Bridget Flaherty ’21
Life is most definitely a Cabaret in Fenwick Theatre. The Department of Theatre’s current production of Cabaret is not to be missed. Despite taking place in 1930’s Germany, it is chillingly relevant in today’s political climate. Through costume, choreography, and strong female characters, this production gleefully makes bold statements about society and the human condition. However, the most important statement it makes may be that it is Daniel Desmond’s world and we’re just living in it.
As the Emcee, Desmond commands the stage from the moment he enters at the beginning of the show until the very last moment. Thankfully, he is on the stage most of the time. He acts as the audience’s guardian angel throughout the production, constantly making his presence known on stage and teasing the audience with his charm. Doling out both the most thrilling moments of fun and the most shocking, candid, terrifying truths, Desmond’s Emcee embodies the essence of Cabaret.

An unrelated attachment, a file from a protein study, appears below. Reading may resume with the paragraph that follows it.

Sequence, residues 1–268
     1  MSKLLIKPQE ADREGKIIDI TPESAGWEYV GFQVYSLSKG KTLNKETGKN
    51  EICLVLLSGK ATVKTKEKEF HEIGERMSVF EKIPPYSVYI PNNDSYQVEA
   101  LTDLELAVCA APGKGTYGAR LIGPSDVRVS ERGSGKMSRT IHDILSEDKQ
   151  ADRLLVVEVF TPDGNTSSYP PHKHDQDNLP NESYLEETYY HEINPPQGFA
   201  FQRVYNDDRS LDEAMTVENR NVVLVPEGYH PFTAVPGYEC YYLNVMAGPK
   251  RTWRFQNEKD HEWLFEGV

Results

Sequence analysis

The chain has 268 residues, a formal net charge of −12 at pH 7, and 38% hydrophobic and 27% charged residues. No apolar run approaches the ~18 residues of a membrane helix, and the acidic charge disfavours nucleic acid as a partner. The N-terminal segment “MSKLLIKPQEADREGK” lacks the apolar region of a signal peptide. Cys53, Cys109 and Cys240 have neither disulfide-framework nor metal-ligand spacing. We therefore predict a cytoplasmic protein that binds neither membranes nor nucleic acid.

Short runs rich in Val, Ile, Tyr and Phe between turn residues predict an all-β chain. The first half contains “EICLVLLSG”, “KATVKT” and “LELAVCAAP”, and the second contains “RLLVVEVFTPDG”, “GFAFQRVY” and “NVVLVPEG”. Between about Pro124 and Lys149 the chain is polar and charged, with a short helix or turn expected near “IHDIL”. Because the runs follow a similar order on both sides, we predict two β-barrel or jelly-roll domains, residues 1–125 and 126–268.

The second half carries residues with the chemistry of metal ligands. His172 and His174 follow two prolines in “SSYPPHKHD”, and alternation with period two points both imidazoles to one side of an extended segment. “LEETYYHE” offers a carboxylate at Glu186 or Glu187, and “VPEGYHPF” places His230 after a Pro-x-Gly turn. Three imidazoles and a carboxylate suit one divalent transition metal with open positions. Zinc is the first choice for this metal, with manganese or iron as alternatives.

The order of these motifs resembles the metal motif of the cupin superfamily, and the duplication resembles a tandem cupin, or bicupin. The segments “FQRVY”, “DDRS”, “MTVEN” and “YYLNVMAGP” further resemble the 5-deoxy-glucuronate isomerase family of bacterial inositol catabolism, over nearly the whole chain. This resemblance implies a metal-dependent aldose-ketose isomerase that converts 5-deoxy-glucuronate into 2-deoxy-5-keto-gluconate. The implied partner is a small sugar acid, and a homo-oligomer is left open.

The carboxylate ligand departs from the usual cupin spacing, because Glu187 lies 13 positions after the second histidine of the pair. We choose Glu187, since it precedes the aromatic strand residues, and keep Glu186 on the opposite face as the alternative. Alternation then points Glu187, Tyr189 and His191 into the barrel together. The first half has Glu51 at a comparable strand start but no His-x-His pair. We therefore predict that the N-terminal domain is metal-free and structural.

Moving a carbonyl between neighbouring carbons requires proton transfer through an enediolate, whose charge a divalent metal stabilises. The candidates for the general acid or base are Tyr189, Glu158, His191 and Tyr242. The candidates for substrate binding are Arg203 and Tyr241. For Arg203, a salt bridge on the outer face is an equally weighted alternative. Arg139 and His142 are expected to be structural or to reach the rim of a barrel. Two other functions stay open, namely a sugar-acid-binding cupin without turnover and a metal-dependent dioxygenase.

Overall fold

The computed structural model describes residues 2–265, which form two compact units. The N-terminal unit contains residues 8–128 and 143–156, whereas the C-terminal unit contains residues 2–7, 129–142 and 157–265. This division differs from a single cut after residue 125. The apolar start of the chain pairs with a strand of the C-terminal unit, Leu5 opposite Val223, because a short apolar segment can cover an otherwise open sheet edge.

The entire cast oozes with talent. With the voices of the most talented angels and the sweetness of Herr Schultz’s finest pineapple, Liza Goodman and Dan Millard are the heart and soul of this production. Per usual, Cat Zachary stuns. She effortlessly balances all aspects of the complicated Sally Bowles. Her flirtiness, confidence, and charm are just as developed and deeply explored as her anxiety, neediness, and desperation. She makes your heart soar and then shatters it to pieces within a matter of seconds. Zachary reveals the true nature of Sally to the audience, despite attempting to conceal it to others with flirty musical numbers and party tricks.
Do yourself a favor and see Cabaret as soon as possible. It’s endlessly fun and brilliantly executed. You’ll laugh, you’ll cry, you’ll register to vote, and you’ll buy a corset.
The book is written by Joe Masteroff, based on the play by John Van Druten and stories by Christopher Isherwood. Music is by John Kander and lyrics are by Fred Ebb. Directed by Meaghan Deiter, the play ran through January 30-31 and February 1 & 2, and resumed February 6-9.
Photo by Kim Fetherston ’22.